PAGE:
1. Approximately half of the talk was devoted to narcissistic bluster. Whatever issue he addressed in passing, Trump would interrupt himself to talk about himself. (Surely the pompadour hairstyle is the appropriate one for so pompous a figure.) His solipsism would not be problematic were he just your drunken uncle at Thanksgiving, who entertains and amuses you. But Trump is making messianic claims that resonate among at least a quarter of registered Republicans, who comprise maybe one-third of the electorate. Among registered independents, another one-third, he gets even more support, according to polls. They love his hot air and are possibly gravitating towards a real personality cult. Those are usually bad.

2. The lack of content, too, is troubling. Not that I personally like the content of any of the rival candidates’ speeches; they are all, to me—including Sanders—representatives of a bankrupt system heading towards a crisis more severe than that of 2008 and the prospects of genuine upheaval and change. But at least the others are supplying details about their programs and to some extent appealing to reason. Trump appeals purely to emotion, to faith (in him), to barely disguised racism and mindless nationalism. This too is bad, reminiscent of fascism.

3. Exhibiting a complete lack of knowledge of the Middle East, Trump has declared that as president he would “put boots on the ground” again in Iraq (and maybe Syria), encircle and seize the oil fields funding ISIL, and “take the oil for the United States.” In the Republican presidential candidates’ debate August 6 Trump boasted that he was “the most militaristic person there is.” While some note that at some point he came to oppose the Iraq War (as “stupid”) he is the opposite of an antiwar candidate. (Not that there are any I’m aware of with any prospect of getting elected.) His bravado about nobody messing with the U.S. under his leadership, and making the U.S. military juggernaut even “stronger” is scary.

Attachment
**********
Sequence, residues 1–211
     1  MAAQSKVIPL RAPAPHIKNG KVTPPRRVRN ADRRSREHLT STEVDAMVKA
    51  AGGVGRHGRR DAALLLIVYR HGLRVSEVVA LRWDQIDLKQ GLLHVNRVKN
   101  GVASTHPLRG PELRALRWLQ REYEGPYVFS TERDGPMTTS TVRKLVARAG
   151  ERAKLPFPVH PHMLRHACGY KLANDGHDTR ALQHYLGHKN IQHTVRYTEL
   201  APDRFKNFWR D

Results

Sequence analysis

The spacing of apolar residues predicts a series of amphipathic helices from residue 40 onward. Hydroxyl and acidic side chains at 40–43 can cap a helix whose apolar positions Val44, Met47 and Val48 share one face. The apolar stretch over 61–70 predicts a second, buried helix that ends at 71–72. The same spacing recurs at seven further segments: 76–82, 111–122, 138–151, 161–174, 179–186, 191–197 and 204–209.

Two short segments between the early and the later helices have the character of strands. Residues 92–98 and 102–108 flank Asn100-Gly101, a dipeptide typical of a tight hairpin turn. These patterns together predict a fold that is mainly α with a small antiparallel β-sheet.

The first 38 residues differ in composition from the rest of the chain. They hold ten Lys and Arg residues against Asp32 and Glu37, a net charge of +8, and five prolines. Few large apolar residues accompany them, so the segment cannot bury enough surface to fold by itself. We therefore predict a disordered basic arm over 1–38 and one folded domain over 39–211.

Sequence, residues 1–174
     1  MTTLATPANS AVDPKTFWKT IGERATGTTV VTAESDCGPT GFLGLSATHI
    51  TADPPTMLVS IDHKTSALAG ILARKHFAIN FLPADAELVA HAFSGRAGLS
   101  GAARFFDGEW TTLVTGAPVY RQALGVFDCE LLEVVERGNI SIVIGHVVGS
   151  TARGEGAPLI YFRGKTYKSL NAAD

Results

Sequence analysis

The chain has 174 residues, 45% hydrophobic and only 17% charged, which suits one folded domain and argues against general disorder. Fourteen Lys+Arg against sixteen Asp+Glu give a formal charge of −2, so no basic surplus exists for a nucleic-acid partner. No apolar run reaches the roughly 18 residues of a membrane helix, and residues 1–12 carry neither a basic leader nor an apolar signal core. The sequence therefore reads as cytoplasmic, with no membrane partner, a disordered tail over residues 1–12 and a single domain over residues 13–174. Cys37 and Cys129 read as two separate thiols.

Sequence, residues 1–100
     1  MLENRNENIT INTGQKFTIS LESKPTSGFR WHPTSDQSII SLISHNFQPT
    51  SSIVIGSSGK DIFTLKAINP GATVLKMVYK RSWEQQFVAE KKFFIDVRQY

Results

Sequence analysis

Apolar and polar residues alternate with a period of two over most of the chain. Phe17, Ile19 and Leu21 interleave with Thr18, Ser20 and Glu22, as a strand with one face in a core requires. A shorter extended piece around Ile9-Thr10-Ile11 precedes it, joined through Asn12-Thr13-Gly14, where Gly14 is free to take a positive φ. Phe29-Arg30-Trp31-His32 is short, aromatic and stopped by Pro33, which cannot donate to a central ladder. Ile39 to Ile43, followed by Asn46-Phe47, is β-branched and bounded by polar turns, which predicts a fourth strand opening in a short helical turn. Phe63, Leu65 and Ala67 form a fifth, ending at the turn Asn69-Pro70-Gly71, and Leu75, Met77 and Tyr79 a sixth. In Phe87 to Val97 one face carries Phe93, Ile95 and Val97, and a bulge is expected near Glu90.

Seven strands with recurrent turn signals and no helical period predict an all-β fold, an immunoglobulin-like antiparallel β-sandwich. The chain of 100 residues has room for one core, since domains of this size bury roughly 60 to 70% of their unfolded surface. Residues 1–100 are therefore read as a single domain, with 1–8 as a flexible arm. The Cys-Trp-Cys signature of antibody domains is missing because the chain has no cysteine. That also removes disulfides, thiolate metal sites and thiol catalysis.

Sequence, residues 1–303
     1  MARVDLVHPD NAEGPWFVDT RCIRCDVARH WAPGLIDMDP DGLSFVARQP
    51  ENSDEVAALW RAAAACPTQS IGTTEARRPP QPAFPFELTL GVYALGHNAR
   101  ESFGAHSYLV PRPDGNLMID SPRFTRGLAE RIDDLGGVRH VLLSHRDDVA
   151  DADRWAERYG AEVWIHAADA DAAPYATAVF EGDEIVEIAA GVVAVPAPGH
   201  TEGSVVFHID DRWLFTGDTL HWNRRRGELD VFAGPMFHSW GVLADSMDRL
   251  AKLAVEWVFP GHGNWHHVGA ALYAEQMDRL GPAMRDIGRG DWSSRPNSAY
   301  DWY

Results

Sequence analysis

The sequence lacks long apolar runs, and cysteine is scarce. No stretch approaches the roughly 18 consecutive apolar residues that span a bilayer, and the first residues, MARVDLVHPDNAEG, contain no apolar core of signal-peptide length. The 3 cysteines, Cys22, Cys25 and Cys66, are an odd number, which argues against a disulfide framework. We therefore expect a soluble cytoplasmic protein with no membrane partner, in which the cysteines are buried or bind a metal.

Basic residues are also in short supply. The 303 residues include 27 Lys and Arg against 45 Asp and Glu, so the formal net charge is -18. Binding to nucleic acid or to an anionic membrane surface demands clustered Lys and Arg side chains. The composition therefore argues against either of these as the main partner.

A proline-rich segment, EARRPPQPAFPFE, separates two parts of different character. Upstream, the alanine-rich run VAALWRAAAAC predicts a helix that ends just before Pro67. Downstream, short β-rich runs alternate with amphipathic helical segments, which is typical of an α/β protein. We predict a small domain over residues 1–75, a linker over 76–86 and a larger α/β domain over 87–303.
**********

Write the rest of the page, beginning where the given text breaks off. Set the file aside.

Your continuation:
4. Initially dismissed by pundits as a blowhard sideshow, Trump’s poll showings are resulting in greater media deference. The long CNN interview on August 19 with Chris Cuomo—himself a bloviating fool—was remarkably polite, and seemed designed to confer new added respectability to the candidate. He could actually win.

5. Trump, unlike some Republican candidates, has not vowed to attack Iran. But the author of The Art of the Deal—whose identity revolves around successful deal-making (and “making a kill”)—has said the Iran Nuclear Deal (that will be rejected by Congress but become law when Obama’s veto is upheld) is the “worst deal ever” and that he will do better when in office. He seems confused about the nature of the deal, as one already accepted by Iran, Russia, China, Germany and France, who are not going to abrogate it to stoke The Donald’s ego. If Trump abrogates U.S. agreement, he will head a regime allied only with his beloved Israel against the world. That too is scary.

Gary Leupp is Emeritus Professor of History at Tufts University, and is the author of Servants, Shophands and Laborers in in the Cities of Tokugawa JapanMale Colors: The Construction of Homosexuality in Tokugawa Japan; and Interracial Intimacy in Japan: Western Men and Japanese Women, 1543-1900 and coeditor of The Tokugawa World (Routledge, 2021). He is a contributor to Hopeless: Barack Obama and the Politics of Illusion, (AK Press). He can be reached at: gleupp@tufts.edu